1972 (December 8): A group of Palmarians wrote to Pope Paul VI in search of support.

1972: Clemente and his closest followers began to refer to themselves as Marian apostles or Apostles of the Cross and form cenacles (prayer groups).

1973: Clemente and Manuel traveled to Rome.

1973: Clemente and Manuel traveled to North and South America.

1974: Clemente and Manuel made a new journey to the Americas.

1974: Clemente and Manuel acquired the Alcaparrosa field. A more elaborate shrine and a surrounding wall was constructed.

1974 (December 8): A new report about the heavenly messages to Clemente was sent to the pope.

1975 (May 30): Christ ordered Clemente to begin the construction of a larger sanctuary.

1975 (November 20): The Spanish leader, General Francisco Franco, died.

1975 (November 30): Christ appeared to Clemente telling him to found a new religious order.

1975 (December 22) The new order, the Carmelites of the Holy Face, was founded.

1975 (December 24): Archbishop Pierre-Martin Ngô-Dinh-Thuc arrived in Seville.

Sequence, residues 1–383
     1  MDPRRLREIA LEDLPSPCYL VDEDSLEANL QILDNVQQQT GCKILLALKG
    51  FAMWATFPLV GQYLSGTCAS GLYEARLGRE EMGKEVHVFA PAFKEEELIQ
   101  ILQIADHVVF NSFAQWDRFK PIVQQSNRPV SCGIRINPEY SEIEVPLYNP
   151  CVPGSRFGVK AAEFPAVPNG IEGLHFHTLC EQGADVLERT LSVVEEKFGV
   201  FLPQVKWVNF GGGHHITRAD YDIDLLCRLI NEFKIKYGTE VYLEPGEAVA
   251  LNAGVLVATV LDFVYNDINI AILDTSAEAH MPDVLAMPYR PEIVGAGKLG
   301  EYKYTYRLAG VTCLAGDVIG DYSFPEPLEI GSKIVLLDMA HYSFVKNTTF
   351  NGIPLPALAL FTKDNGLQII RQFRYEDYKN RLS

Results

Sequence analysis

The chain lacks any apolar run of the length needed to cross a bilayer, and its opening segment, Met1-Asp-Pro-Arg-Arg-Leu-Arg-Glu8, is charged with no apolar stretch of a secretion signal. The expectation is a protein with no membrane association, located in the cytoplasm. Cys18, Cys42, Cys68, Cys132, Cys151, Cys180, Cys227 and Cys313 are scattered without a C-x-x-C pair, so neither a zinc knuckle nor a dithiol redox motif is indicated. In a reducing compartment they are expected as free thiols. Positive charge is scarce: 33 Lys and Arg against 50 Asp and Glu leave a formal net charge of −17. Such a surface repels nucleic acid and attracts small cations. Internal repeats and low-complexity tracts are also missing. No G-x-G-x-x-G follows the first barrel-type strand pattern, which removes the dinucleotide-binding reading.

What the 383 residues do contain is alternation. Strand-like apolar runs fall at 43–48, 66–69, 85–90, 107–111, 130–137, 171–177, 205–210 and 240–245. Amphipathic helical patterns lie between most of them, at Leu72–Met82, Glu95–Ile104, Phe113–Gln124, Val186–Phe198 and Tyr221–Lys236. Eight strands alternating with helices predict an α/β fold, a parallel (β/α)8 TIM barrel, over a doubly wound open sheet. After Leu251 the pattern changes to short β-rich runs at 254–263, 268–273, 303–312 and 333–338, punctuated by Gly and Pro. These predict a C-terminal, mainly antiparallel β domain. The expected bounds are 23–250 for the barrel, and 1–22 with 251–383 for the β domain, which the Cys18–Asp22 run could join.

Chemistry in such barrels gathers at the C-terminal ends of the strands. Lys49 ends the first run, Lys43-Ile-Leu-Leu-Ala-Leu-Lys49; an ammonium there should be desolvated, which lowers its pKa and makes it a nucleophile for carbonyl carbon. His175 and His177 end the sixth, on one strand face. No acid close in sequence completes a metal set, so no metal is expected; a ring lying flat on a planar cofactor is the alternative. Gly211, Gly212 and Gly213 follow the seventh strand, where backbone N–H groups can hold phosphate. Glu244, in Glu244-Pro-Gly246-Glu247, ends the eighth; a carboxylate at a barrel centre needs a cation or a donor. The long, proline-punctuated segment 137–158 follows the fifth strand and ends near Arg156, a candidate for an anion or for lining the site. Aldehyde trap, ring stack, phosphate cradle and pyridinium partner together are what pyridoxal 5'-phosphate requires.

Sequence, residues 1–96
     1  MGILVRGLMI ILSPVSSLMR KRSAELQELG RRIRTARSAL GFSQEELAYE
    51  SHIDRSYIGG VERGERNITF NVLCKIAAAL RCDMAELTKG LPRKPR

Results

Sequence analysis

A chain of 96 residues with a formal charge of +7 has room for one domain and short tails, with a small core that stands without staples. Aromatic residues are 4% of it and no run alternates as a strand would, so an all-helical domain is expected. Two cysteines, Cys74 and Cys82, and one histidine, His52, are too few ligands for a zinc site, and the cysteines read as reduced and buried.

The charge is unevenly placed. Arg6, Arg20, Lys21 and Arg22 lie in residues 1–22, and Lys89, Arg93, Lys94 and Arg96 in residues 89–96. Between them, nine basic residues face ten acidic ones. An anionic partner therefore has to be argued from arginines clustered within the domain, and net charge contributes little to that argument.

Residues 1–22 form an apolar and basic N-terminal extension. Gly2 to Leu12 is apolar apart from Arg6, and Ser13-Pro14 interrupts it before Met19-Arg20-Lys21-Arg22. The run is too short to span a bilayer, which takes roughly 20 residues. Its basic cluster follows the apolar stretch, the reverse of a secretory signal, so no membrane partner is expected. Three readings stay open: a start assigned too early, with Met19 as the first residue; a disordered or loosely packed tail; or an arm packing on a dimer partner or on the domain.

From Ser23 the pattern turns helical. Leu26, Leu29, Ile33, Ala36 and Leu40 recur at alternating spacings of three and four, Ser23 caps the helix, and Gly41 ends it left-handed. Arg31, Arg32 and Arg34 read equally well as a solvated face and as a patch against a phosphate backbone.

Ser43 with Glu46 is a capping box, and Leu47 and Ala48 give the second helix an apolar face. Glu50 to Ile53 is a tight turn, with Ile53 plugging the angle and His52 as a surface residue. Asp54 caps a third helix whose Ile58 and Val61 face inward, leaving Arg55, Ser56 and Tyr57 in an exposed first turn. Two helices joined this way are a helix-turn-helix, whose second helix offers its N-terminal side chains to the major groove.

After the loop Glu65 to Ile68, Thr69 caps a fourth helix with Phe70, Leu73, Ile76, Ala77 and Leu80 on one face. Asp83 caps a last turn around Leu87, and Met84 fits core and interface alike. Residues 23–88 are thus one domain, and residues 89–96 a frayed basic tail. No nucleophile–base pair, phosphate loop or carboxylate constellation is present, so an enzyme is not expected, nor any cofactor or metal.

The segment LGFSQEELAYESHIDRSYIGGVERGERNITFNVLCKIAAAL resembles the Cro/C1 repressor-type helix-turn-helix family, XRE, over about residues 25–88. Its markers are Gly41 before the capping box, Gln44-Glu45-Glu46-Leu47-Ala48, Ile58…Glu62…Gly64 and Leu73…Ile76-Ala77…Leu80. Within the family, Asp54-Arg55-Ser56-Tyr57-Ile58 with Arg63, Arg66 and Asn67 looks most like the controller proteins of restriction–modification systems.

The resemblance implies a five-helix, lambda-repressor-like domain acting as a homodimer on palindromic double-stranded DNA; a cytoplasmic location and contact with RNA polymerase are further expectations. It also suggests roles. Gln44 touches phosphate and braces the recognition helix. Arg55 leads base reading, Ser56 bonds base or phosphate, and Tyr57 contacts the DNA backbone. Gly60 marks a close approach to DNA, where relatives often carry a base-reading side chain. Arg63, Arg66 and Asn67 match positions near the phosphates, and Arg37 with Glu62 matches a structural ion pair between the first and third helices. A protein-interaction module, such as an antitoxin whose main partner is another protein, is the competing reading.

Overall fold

1976 (January 1): Archbishop Thuc ordained four priests at Palmar de Troya, including Clemente and Manuel.

1976 (January 2): Archbishop Bueno declared the ordinations irregular.

1976 (January 11): Thuc consecrated five bishops at Palmar de Troya, including Clemente and Manuel.

1976 (January 14): Archbishop Bueno declared the consecrations irregular and the newly consecrated bishops suspended.

1976 (January 15): All involved in the consecrations were excommunicated by the papal nuncio to Spain.

1976 (February onwards): The Palmarian bishops consecrated a long series of bishops.

1976 (March 11): The bishops were arrested for wearing the cassock without being Catholic priests.

1976 (May 29): Palmarian bishops were involved in a car accident in the Basque country. Clemente was seriously wounded, and he lost his sight.

1976 (August 4): Clemente receives a message that he would become pope after the death of Paul VI.

1977 (January 20): The Virgin announced that Clemente should change his name to Father Fernando.

1978 (August 6): Pope Paul VI died.